The FreeBSD guest is able to boot and start a rescue shell. A minimal set of userspace programs is available. VirtIO devices are also available: virtio-net, virtio-blk, virtio-console and virtio-rnd (random device).
The FreeBSD host has been tested using the Foundation Platform emulator from ARM's website.
You will have to have FreeBSD installed, either on bare metal or in a virtual machine. You will need it to compile the host and guest. I am using FreeBSD11.0 in a KVM virtual machine with linux on bare metal.
You will need to have linux installed, either on bare metal or in a virtual machine. You will need it to run the Foundation Platform emulator which only works on linux. I have tested the emulator on Xubuntu 16.04 and Arch Linux.
Foundation Platform emulator
You will need the emulator to run the host and guest. You can download it from ARM. Downloading it will require registration. You will also need to have xterm installed on linux.
Compiling and running
The next steps are to be run from your FreeBSD installation.
Clone the FreeBSD fork
git clone -b projects/bhyvearm64 https://github.com/FreeBSD-UPB/freebsd.git
Make sure you are on branch projects/bhyvearm64 for the next steps.
Clone the utility scripts
git clone https://github.com/FreeBSD-UPB/bhyvearm64-utils.git
Modify the script build_arm64.sh
Modify the script build_arm64.sh by having the variable
$WORKSPACE point to the parent directory where you cloned the FreeBSD repo. The default value assumes that you have the FreeBSD repo in
$HOME/arm64-workspace/freebsd. After building the disk image the script will try to rsync the image to the linux installation for the Platform emulator to use. You can set the exact location by modifying the variable
$RSYNC_TARGET in the file.
Build the FreeBSD disk image
This will do a buildworld and compile the host and the guest kernel and ramdisk. You can skip a certain compile stage if you want to. For example, let's say that you've already built the world and you only want to rebuild the host kernel:
If you only want to rebuild the guest:
BUILD_STAGE=10 NO_KERNEL=y BUILD_GUEST=y ./build_arm64.sh
Do a full clean and rebuild everything:
FULL_CLEAN=y BUILD_GUEST=y ./build_arm64.sh
If you haven't specified a rsync target in the build_arm64.sh script make sure you copy the disk image to you linux installation.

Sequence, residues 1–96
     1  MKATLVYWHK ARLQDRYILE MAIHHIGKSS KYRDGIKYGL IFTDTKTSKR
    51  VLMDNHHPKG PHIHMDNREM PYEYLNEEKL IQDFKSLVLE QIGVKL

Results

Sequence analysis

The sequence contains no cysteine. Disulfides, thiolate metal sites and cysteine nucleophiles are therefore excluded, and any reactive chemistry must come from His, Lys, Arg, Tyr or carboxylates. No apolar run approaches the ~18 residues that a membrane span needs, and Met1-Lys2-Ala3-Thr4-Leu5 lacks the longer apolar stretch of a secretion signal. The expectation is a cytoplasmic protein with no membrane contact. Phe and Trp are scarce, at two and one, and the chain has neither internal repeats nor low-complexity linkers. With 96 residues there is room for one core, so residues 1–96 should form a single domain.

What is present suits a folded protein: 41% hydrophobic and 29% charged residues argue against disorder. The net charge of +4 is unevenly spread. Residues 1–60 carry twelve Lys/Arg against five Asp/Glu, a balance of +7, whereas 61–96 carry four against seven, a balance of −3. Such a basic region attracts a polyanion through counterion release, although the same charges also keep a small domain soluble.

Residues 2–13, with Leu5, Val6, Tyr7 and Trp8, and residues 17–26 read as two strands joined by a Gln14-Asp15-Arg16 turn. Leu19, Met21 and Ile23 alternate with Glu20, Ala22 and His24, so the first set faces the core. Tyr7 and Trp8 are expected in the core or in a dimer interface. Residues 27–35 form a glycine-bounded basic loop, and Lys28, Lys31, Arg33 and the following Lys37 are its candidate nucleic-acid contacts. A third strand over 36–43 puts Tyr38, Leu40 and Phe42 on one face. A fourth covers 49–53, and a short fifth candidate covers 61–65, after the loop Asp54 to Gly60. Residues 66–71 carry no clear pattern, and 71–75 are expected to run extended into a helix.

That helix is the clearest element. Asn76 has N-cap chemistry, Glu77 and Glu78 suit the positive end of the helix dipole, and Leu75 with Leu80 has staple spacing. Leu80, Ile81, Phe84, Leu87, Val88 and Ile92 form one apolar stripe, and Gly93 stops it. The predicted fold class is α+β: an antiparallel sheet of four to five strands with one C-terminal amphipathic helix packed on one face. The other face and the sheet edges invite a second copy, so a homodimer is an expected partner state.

Copy the script run_image.sh
You will need to copy the script run_image.sh from the utility scripts to you linux installation.
The next steps are to be run from linux.
Download and extract the UEFI for the Foundation emulator
wget http://snapshots.linaro.org/member-builds/armlt-platforms-release/$RELEASE/fvp-uefi.zip unzip fvp-uefi.zip
$RELEASE with the latest uefi release. FreeBSD was tested with version 51.
UPDATE: I have tested the new release, version 61, and it isn't working with the 11.3 version of the Foundation Emulator. I have uploaded in this repository UEFI version 51 that is working.
Modify the script run_image.sh
You will need to modify the script run_image.sh to point to the correct locations for the Foundation Platform emulator (
$MODEL), the uefi components (
$FIP) and the disk image you copied from the FreeBSD installation (
Run the host
To run the host do:
The emulator will open an xterm window to interact with the host. The login name is root and it doesn't require a password.
Run the guest
When building the host disk image the guest kernel has been copied to
/root/kernel.bin and two scripts have been provides to run the guest:
run_vm.sh will run a guest that has been compiled without virtio devices.
virtio_run.sh can be used to run a guest with virtio devices. Running the script without any arguments will create and run a virtual machine with the default name
test. One argument can be provided to specify the name of the virtual machine.
Four VirtIO devices are available: virtio-blk, virtio-net, virtio-console and virtio-rnd. The guest has to be configured with the devices in the DTS (
freebsd/dts/arm64/foundation-v8-gicv3-guest.dts) file and the drivers need to be compiled in the kernel (
The virtio arguments given the bhyve must match the devices defined in the DTS file. The script
virtio_run.sh can be used an example.
virtio_run.sh will automatically create a tap and a bridge device for the host to connect to. The bridge device has the 10.0.4.1/24. In order to communicate with the host, the guest must configure the virtual NIC with an address in the same network (like 10.0.4.2/24).
The host is compiled with a virtio image that can be used by the guest.
To mount the image from the host:
# mdconfig -f virtio.img
# mount /dev/mdX /mnt
To mount the image from the guest:
# mount -o rw / # The guest ramdisk is mounted read-only. Remount it as read-write to create the mountpoint.
# mkdir mountpoint
# mount /dev/vtbd0 mountpoint
By using the virtio-console, the guest is able to communicate with the host via a socket file. The script
virtio_run.shconfigures the virtio-console to use the socket file
socket_<VMname>.skt. The socket file must NOT exist on the host. The script deletes the socket file, if it exists, before starting the virtual machine.
To connect to the socket, the host can use
# nc -U <socket_file>.
On the guest:
mount -o rw / # Remount the guest ramdisk as read-write to allow
cu to create the lock file.
cu -l /dev/ttyV0.0 # Connect to the virtual console.